The Governance Puppy Circle

Learn more about Thought Leader Charles Nelles who explains the Governance Puppy Circle in this leadership alert.


I’ve often wondered why governance, deemed so important, is often so neglected. For insight, I turned to Charles Nelles, an enterprise ninja in IT Operations and Service Management leading high profile projects for two decades.

Charles, why does governance seem to be a universal failure?

“There are a lot of good corporate cliché reasons governance fails. You name it. Executive sponsorship, corporate culture, underestimating the effort, and failing to stick with it are all common excuses.

In my opinion, governance fails because of people. Governance is about doing the right thing and most firms don’t prioritize that over doing the expedient thing.”

Can you give readers an example of what you mean?

“Picture a conference room table with people sitting around it. They’re all looking down at printed slides or their mobile device or all wringing their hands and racking their brains in a desperate effort to avoid being the one to make a decision.

They ask questions but not the kinds to eliminate possibilities or narrow decision paths. They are asking those questions to show their concern or their knowledge instead of driving towards an outcome.

They tell me what they are worried about and things I already know. Things like “if I don’t have at least 6 hours to complete this heroic action, I can’t guarantee we will have the system up and ready…” Thereby communicating that while I am a genius I am not to be held accountable if things go wrong.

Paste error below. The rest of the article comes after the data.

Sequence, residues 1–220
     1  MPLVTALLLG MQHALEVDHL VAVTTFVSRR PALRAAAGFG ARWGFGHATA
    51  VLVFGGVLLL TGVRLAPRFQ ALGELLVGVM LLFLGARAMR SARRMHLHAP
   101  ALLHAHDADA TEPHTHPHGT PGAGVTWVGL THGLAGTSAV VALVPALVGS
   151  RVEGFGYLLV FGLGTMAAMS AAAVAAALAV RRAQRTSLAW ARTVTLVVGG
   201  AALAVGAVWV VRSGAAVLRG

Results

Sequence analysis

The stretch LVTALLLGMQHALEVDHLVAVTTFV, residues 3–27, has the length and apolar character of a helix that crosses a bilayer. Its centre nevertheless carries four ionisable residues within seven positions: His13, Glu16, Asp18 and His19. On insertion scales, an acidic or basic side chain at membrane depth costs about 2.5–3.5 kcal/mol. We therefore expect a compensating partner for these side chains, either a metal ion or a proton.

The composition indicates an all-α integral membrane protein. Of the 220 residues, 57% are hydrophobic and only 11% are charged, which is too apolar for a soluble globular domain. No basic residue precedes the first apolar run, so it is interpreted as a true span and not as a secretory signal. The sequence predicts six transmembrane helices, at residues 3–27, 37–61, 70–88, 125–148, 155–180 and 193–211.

I call this the puppy circle.”

The puppy circle? Help us understand that analogy!

“Imagine a puppy who has his head stuck in some sort of bucket. Now imagine a circle of people around the puppy discussing how horrible the situation is and how worried they are for the puppy. But no one is reaching for the puppy or the bucket. In many governance meetings, no one reaches for the puppy. The first responders are absent in a puppy circle.”

What tips do you have to avoid the tragedy of the puppy circle?

“Effective governance should follow a design and I recommend three design elements to start:

  1. Speed to Decision — Whatever the structure, you have to be able to assemble the decision makers (or an appropriate delegate) quickly and make the call. Wasted hours or days means direct impact to your cost and chances for success.

  2. Proper Subject Matter Expertise — You’ve got to have enough knowledge in each key domain to make smart decisions with limited information. This combination is not always easy when the technical world meets the business world like a data center move.

  3. Respect & Buy In — Regardless of who or how many the true decision makers are, you have to engage the larger group at some level and manage their perception of the decision-making. Everyone who can add to the success of the move must feel like they are a valued member of the team and have some level of influence over the decisions. If you lose the huddled masses actually doing the work, you are sunk.”


Read more about Governance and Data Center Moving in the book available on Amazon:
What Everybody Ought To Know Before Moving A Data Center

by Blaine Berger.
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